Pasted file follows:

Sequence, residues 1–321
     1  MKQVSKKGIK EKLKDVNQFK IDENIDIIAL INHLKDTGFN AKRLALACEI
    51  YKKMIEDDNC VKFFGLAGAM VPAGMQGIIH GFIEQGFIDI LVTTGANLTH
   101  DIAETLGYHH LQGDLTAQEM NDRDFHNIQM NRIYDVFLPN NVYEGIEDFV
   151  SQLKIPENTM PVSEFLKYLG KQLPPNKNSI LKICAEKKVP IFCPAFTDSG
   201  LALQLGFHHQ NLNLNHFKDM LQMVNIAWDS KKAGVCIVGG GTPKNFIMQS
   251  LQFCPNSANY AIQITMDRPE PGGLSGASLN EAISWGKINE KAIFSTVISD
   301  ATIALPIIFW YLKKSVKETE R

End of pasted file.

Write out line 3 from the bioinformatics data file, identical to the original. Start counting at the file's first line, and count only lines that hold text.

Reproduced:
    51  YKKMIEDDNC VKFFGLAGAM VPAGMQGIIH GFIEQGFIDI LVTTGANLTH